Deer-Processing Equipment – Knives and Sharpening Equipment and Recipes

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Tips for the Safe Handling of Venison and Recipes

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John’s Note: If you take a deer this season, don’t miss out on some of the most-delicious meat ever. Researchers have proved that venison, a heart-friendly meat, contains fewer calories than the same size serving of chicken or turkey and one-half the calories of ham or ground chuck. Venison also has more protein than freshwater or saltwater fish and one-tenth as many fat grams as ground chuck. A rich source of trace minerals, including calcium, magnesium, zinc, potassium, phosphorus and iron, venison has a cholesterol content comparable to chicken and turkey.

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Have your equipment ready. Always carry in your daypack a deer drag, a sharp knife for field dressing, gloves and Wild Gamekeeper Spray, Hunter’s Specialties’ new product that helps prevent the growth of bacteria by lowering the pH on the surface of the animal, creating an acid base where bacteria can’t grow. Go to, call (319) 395-0321, or visit your sporting-goods store to learn more.

Look for a hill or a log that you can drag your deer to as soon as you recover it. Put the deer’s head up and the body down to make field dressing easier. Gravity will aid the entrails in coming out easier.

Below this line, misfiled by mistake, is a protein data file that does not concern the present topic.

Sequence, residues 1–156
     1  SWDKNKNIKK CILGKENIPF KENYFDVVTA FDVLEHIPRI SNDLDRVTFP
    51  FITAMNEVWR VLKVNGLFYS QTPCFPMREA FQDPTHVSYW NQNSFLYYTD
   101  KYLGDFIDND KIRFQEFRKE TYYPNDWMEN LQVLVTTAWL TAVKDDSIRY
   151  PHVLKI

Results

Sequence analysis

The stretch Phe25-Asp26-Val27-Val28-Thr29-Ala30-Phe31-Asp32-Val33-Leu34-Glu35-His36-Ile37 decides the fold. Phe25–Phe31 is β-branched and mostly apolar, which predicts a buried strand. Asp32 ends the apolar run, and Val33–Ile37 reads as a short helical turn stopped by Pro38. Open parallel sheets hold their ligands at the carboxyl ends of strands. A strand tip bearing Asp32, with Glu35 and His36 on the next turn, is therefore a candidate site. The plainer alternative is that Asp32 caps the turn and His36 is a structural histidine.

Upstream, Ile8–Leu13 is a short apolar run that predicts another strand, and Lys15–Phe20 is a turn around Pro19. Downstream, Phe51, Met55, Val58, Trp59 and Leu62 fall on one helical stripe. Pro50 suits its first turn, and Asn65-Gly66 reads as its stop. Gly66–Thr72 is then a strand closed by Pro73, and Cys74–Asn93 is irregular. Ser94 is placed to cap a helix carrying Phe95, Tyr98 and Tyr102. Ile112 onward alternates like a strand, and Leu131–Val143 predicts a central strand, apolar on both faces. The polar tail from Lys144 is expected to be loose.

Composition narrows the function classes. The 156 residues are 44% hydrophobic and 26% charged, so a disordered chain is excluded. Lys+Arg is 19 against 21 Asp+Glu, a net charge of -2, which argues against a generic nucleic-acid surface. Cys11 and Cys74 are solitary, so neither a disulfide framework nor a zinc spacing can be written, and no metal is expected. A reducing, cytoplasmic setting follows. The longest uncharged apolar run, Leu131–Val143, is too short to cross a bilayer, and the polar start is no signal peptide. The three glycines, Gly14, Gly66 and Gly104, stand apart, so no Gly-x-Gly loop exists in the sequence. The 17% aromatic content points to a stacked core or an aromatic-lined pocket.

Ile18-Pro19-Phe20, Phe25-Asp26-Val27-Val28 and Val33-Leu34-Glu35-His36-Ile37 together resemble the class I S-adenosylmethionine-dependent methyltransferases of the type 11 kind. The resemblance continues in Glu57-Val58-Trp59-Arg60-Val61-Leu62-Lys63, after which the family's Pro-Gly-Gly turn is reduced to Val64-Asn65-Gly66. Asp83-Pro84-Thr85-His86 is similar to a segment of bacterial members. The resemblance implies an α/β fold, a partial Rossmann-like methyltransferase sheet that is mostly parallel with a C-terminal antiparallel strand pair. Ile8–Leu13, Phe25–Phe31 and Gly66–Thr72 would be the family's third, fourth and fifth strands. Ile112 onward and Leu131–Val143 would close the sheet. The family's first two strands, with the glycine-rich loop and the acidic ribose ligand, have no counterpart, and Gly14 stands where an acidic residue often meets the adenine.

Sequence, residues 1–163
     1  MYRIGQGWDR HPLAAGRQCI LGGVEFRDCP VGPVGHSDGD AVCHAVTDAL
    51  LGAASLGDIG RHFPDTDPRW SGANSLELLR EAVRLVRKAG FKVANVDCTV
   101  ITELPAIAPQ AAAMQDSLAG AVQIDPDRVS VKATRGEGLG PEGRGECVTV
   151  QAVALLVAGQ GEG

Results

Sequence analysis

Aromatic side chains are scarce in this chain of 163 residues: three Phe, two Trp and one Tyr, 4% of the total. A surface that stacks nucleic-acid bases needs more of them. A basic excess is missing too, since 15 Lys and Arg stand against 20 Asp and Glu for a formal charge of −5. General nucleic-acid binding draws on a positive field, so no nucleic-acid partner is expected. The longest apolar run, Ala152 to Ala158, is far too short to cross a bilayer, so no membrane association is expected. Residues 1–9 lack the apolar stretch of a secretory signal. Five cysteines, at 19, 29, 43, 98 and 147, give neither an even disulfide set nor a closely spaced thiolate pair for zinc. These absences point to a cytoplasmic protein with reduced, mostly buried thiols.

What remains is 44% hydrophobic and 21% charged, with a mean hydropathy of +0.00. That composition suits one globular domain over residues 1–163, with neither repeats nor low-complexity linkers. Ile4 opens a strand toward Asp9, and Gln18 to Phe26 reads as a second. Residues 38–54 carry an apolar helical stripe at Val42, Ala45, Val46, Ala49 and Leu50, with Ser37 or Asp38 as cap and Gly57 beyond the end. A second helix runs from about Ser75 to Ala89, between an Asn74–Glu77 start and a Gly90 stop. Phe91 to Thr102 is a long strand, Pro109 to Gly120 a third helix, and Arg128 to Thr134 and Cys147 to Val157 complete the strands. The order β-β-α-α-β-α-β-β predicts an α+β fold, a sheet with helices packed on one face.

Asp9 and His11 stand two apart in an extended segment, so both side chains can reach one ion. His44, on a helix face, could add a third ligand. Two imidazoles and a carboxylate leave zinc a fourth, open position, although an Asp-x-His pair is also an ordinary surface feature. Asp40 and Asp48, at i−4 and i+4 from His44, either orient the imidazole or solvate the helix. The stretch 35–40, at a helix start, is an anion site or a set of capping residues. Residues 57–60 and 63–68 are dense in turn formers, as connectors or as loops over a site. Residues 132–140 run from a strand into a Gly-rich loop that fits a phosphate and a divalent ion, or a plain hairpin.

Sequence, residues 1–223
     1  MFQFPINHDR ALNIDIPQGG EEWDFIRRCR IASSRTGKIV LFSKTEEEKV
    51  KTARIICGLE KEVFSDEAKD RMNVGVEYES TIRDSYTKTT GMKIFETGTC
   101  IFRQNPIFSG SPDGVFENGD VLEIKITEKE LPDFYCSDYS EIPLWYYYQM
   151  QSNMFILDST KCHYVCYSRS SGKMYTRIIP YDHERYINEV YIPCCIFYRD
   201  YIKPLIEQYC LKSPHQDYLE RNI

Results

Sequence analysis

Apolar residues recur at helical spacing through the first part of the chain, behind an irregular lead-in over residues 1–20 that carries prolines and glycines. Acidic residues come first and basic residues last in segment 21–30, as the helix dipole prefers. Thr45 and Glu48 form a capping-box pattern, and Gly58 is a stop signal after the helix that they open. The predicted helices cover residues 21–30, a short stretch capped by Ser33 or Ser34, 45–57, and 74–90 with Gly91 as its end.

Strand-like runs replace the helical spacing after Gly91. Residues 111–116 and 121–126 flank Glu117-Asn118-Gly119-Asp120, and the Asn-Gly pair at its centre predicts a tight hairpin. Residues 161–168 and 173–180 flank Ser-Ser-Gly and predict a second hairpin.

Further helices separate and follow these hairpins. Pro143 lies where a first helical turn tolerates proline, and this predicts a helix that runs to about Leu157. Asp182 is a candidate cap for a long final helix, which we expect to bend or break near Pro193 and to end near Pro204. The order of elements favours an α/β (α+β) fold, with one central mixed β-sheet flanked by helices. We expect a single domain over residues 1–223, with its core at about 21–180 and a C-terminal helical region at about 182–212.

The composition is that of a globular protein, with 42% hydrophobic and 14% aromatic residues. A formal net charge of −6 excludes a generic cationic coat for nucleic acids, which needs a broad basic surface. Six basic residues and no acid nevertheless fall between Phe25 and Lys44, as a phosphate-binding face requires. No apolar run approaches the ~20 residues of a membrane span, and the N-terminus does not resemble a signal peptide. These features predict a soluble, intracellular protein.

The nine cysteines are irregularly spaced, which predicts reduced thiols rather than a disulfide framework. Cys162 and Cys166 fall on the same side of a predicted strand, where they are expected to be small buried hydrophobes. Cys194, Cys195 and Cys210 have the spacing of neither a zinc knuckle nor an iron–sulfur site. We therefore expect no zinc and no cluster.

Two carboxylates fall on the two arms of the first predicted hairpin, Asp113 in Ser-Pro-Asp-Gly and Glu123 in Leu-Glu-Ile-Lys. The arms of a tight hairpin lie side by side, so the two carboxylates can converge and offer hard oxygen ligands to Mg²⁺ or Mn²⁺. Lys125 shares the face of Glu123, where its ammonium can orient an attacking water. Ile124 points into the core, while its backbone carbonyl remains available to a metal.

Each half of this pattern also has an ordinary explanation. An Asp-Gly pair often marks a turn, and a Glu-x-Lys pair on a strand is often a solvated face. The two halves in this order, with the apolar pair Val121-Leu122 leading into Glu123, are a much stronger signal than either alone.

Use a Hunter’s Specialties’ Butt Out Tool, a product that disconnects the anal alimentary canal easily.

Wear field dressing gloves to open the deer’s cavity and remove the entrails.

Don’t wash the open cavity with water, even after removing the entrails. Use Wild Gamekeeper Spray, and coat the cavity with it.

Wash out the cavity, and spray it again with Wild Gamekeeper Spray or a similar product once you move the deer from the woods and before you hang it in a cooler or outdoors, if the area has a below-40-degree temperature. Then the animal can cool down and age, which will mean better-tasting meat.

Let the deer hang for 2 or 3 days before removing the hide and cutting up the meat.

Use a very-sharp, clean knife and a saw to separate the meat, instead of chopping it with an axe.

Cut away all fat, connective tissue and gristle before packaging the meat for the freezer to ensure the very-best-tasting venison when you prepare it later.

Allow cuts of venison to unthaw in the refrigerator in heavily-salted water after removing the meat from the freezer for 24 – 48 hours. Be sure to wash all the salt off.

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Backwoods Lasagna

This delicious recipe makes a large recipe of lasagna but freezes well. We’ve had numbers of non-hunters eat this dish and never realize it was prepared with venison.


3 cloves garlic minced

1 (6 ounce) can tomato paste

2 #1 cans tomatoes

1 teaspoon pepper

1 #1 can tomato sauce

2 tablespoons minced parsley

5 pounds ground venison or mixture of half ground venison and half venison sausage

24 ounces Swiss cheese

2 (24 ounce) cartons cottage cheese